Tuesday, November 20, 2018
Daystarter Features

Through patience and precision, Clyde Butcher captures Dali’s Spain

ST. PETERSBURG

When the folks at the Salvador Dali Museum had the idea to ask the master of Florida landscape photography, Clyde Butcher, to capture the rugged coastline of Salvador Daliís Spain, they could not have imagined the inspired results. As you can see in "Clyde Butcher: Visions of Daliís Spain" now at the Dali, the man known for steamy sun state swamps was able to leap into the menacing vistas of Daliís childhood.

For the 77-year-old Butcher, this was not the first big leap in his life. Itís hard to imagine, but Clyde Butcher wanted to be an architect before he stumbled into photography.

While a student at California Polytechnic State University, he saw what the architecture students were doing and thought, "It looks like fun." He found his first-year perspective drawing class to be fascinating.

"Architecture has to be accurate," said the detail-oriented Butcher.

He ran into trouble in a second-year design class when he found out he couldnít draw. This became a major problem when he was assigned to design a museum for the sculptor Jacques Lipchitz. "I couldnít figure out how to make it look good," he recalled.

His anxiety level rose to stratospheric levels because the professor was going to issue either Aís or Fís but nothing in between.

"I was up in the mountains and I saw some fir trees about four feet high. I built a scale model with those trees and took photos of the model,íí Butcher remembered.

He turned in the assignment and then went for five days with no sleep. "Then I slept for 24 hours solid. My roommate put a firecracker under my pillow and I did not wake up. The firecracker was smoking!"

He received an "Aíí and an apology from the professor who said he was surprised that the photograph worked.

That early encounter with photography eventually led to his lifelong distinguished career. Considered the Ansel Adams of the Florida landscape, he has long been revered for capturing the richness of Floridaís natural beauty. When the Salvador Dali Museum asked Butcher to photograph the Spanish landscapes of Daliís youth, Butcher responded with works that possess the beauty and architectural precision of his Florida photographs.

"I am an architect by trade," he noted.

Butcher and his wife Niki spent 10 days in Spain in Daliís childhood village of Cadaques, the Cap de Creus, Port Lligat and other parts of the Catalonian region.

"I saw that in some of his paintings Dali used the landscape for inspiration," he said. "The landscape is like the west coast of California with its rocks, saltwater, ocean, cactus and desert. The winds come down from the mountains and are strong enough to pull you off your feet."

In Plaja SíArenella, inspired by Daliís The Angel of Port Lligat, the distant sun is centered in the sky with the boat pointing at it from an ever-so-slightly off-center position. The beach and rocks on the right and left form diagonals leading your eye back to an imaginary vanishing point on the horizon. In spite of the distant clouds, the scene is nearly airless, as if some apocalyptic hush has fallen over the scene.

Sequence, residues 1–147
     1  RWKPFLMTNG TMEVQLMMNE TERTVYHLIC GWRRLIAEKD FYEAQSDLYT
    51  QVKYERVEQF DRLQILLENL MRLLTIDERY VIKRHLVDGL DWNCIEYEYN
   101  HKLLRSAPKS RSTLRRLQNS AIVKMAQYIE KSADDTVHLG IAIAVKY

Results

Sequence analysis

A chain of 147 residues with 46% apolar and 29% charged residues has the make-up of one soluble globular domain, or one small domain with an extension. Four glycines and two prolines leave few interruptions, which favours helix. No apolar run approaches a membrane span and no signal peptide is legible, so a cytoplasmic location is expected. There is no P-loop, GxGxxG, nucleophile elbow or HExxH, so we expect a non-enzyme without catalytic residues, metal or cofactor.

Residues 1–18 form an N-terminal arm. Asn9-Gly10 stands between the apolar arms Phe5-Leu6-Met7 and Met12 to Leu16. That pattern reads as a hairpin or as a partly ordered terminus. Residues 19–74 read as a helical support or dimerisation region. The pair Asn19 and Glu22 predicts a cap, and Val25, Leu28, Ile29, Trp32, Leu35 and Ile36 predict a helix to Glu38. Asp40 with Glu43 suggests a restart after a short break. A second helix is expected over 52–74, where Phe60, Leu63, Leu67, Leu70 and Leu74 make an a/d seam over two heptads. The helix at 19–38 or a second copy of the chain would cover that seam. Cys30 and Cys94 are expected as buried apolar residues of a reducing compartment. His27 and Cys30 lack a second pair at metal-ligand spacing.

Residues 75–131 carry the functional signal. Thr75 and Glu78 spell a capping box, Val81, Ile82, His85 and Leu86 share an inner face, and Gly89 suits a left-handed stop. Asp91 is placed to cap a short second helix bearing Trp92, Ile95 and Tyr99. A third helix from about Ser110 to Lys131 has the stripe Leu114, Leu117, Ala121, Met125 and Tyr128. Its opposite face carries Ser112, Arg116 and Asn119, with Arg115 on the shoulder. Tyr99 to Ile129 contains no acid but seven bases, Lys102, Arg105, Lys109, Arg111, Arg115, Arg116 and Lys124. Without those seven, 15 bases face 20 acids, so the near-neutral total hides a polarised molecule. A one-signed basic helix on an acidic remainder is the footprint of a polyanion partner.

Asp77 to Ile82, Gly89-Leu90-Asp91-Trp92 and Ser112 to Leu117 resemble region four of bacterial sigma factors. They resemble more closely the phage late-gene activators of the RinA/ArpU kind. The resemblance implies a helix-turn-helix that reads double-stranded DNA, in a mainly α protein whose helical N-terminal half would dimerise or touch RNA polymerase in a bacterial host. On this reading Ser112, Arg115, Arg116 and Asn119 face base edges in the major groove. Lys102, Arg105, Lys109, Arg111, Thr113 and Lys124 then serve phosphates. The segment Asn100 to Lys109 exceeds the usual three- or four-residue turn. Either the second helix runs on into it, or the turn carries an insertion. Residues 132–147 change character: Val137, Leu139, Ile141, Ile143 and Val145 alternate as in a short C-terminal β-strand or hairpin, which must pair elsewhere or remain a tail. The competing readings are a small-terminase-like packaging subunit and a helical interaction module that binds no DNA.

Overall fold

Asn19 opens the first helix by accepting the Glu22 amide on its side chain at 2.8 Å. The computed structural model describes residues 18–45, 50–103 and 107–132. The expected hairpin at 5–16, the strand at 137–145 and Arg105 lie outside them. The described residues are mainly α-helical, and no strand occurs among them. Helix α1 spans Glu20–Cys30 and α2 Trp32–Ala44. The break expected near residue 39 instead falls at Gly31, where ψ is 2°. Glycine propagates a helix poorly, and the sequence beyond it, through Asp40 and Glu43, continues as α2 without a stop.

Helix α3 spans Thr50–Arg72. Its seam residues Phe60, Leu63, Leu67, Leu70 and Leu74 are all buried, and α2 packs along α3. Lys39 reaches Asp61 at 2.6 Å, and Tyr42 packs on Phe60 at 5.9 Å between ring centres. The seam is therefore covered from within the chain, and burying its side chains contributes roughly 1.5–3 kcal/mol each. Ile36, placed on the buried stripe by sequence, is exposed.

Those results are not accidental. In fact, youíll find Butcherís diagonals leading to a vanishing point on the horizon in most of the stunning works in the show. Many of them are 8-foot wide panoramas.

When asked about the fact that there is no atmospheric haze, Butcher said, "You have to wait a while for the good blacks and the good whites and grays in between."

It all takes patience. He recalled the time when he waited for five days for the sun to hit the beach just right. He got just two images in those five days.

In Cap de Creus, the nose of the animal formed by the rocks marks the centering point in Butcherís composition. The jagged shoreline leads your eye back to the horizon. The sharp blacks and whites add to the feelings of menace, feelings that are echoed in some of Daliís paintings of the area.

This scene also has no haze. It has the clarity of a landscape freshly washed by a rain storm, with blacks, whites and grays totally crisp.

For Butcher, the some of the magic to this is in the printing process.

"Itís no secret," he says. "Keep at it to get it right. Keep trying to get it right."

Butcherís father was a sheet metal worker. When Butcher was growing up he built boats and helped his dad build air conditioning ducts in the family garage.

This gave him the skills and the drive for precision to build his own photography equipment later in life, "I built several boats and I had to figure out a way to do it. Most people, when they canít find the right equipment, they stop," he said. "You have to figure out a way to do it."

Contact Joanne Milani at
[email protected]

     
         
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